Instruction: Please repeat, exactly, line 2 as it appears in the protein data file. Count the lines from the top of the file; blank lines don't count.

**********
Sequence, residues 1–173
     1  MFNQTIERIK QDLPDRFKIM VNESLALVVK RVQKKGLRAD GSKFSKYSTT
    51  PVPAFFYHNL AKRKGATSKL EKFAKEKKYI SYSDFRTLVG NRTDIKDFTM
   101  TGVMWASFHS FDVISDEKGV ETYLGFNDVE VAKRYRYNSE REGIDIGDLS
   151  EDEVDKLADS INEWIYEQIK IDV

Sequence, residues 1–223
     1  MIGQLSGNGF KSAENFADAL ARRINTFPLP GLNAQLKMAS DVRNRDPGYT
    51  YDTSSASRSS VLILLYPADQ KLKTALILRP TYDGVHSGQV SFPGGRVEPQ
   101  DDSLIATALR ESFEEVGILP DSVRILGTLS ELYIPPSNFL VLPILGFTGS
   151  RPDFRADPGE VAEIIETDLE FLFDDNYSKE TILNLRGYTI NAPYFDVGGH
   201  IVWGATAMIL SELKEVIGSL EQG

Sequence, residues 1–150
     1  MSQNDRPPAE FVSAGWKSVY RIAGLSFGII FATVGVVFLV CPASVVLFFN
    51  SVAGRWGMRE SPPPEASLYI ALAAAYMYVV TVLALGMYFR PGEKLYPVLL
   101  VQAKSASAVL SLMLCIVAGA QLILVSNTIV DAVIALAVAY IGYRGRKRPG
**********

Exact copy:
     1  MFNQTIERIK QDLPDRFKIM VNESLALVVK RVQKKGLRAD GSKFSKYSTT